Easing Families’ Financial Burdens through Federal Response to COVID-19
On March 18, Congress passed the Families First Coronavirus Response Act, which provides relief to health care systems, additional paid sick leave, family leave and unemployment benefits.
On March 26, the Senate passed the CARES Stimulus package that provides economic stimulus payments to families and additional unemployment benefits. The House of Representatives is expected to vote on the bill on Friday, March 27th.
Some key features of recent legislation that will impact families include:
- Cash payments to all tax filers: All families earning under $199,000 per year would receive a stimulus check or direct cash payment. These payments would be generated to all who filed taxes in 2018 as direct deposits.
Calculate what your family will likely receive: Washington Post Calculator
While this cash assistance is notable to alleviate immediate pressures and stimulate the economy, it is important to highlight , for example, that $1,200 will cover more expenses in Farmville than it will in Fairfax.
- Expanded paid sick days and paid family leave: The first federal response package included an expansion of federally mandated paid sick and family leave, which would apply to anyone ill due to Coronavirus, caring for family members, or caring for children when schools have closed due to Coronavirus. Full-time workers would get up to two weeks of paid leave, and part-time workers would get leave equal to the number of hours they work on average over a two-week period. Payments would be capped at $511 a day for those who are sick with the virus or seeking care, and $200 a day for those caring for a sick family member or children.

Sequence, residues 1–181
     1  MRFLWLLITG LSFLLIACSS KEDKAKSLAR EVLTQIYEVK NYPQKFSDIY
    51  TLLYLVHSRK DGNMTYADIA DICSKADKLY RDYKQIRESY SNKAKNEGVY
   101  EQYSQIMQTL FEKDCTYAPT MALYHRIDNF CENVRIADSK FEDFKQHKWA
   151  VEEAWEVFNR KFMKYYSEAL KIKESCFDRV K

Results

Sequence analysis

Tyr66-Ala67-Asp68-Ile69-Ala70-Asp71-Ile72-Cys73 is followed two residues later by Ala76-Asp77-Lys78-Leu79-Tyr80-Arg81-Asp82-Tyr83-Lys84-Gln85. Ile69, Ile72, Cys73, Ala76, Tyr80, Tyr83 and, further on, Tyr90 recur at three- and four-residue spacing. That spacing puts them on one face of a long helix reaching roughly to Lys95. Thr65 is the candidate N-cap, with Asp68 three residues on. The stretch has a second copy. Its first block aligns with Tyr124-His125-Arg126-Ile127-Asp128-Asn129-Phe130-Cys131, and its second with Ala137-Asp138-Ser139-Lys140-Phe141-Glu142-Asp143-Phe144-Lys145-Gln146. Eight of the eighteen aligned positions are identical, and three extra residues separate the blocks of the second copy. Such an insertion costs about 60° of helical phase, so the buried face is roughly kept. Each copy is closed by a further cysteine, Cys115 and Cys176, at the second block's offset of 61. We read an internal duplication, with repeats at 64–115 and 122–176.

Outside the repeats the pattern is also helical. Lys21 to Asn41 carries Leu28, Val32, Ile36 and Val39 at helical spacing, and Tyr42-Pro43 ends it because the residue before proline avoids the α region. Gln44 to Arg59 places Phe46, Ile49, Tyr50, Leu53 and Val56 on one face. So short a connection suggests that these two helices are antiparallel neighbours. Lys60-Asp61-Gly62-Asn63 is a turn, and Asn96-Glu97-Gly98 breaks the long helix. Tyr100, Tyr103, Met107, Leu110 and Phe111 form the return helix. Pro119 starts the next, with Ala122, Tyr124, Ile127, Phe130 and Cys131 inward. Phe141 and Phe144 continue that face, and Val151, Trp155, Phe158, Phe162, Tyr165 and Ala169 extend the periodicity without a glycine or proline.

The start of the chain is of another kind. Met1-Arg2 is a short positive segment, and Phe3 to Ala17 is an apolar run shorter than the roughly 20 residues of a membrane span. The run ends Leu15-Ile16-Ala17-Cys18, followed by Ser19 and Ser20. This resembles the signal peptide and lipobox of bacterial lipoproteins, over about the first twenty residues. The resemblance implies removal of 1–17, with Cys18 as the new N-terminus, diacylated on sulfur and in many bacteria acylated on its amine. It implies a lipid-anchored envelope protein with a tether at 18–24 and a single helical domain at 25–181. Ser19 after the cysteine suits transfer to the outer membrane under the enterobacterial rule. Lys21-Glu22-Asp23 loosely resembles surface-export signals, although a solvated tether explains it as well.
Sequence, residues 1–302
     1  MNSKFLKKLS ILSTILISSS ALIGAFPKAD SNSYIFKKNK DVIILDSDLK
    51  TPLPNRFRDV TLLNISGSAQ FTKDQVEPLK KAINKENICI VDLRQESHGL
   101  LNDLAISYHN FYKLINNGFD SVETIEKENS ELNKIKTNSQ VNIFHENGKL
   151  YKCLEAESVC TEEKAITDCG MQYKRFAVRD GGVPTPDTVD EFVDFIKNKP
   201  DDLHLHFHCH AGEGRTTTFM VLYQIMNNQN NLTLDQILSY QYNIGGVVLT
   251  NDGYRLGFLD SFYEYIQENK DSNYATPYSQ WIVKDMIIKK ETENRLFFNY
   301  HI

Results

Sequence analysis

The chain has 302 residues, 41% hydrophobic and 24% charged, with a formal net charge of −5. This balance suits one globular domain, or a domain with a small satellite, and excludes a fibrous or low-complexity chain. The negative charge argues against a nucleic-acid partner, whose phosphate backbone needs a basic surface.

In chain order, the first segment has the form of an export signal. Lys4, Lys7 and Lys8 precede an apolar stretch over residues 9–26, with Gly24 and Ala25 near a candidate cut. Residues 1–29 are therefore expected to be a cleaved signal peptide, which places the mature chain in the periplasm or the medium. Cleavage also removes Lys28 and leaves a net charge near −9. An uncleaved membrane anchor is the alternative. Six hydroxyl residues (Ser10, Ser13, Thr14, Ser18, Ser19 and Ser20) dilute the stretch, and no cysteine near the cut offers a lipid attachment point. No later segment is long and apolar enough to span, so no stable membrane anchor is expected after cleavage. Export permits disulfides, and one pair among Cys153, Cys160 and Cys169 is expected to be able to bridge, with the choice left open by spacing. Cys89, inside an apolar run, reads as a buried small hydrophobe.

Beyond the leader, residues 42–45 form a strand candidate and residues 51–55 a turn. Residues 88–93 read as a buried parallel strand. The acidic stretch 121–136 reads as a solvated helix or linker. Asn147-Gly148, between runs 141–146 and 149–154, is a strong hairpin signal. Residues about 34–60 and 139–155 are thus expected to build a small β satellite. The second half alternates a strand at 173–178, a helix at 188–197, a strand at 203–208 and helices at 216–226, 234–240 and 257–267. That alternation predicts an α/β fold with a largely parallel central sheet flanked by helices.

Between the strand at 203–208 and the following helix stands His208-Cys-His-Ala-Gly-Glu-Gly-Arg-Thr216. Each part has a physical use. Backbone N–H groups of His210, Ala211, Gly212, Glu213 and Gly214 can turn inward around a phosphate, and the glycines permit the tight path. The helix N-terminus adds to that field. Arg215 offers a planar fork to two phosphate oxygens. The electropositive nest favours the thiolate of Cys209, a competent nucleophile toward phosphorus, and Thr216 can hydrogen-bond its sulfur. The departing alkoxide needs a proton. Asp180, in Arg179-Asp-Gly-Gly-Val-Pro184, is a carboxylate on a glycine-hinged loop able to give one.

While these paid leave expansions are commendable, there are notable exceptions. Employers with fewer than 50 employees are exempt from these requirements.
- Expanded unemployment benefits: Federal and state officials have made adjustments to unemployment insurance procedures to help families. The CARES Act Stimulus bill expands unemployment insurance from three to four months, and it provides temporary unemployment compensation of $600 per week, which is in addition to and the same time as regular state and federal UI benefits. It also allows part-time, self-employed and gig economy workers to have access to unemployment benefits. The Governor has acted to fast-track response time and waive requirements around job search.
Anyone that has lost a job or experienced a reduction in wages should contact the Virginia Employment Commission, even if self-employed.
Additional resources are available for:
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- Food/nutrition: to find free food distribution sites organized by local school districts and other community organizations, text FOOD or COMIDA to 877-877. For food assistance program eligibility information and to apply for the Supplemental Nutrition Assistance Program (SNAP), visit CommonHelp. If you are pregnant or are caring for a child under age 5, you may also be eligible for WIC. You can learn about WIC eligibility here and apply online here.
- Child care and health insurance coverage: to determine if you are eligible for financial assistance for child care and health insurance coverage through Medicaid or FAMIS visit CommonHelp.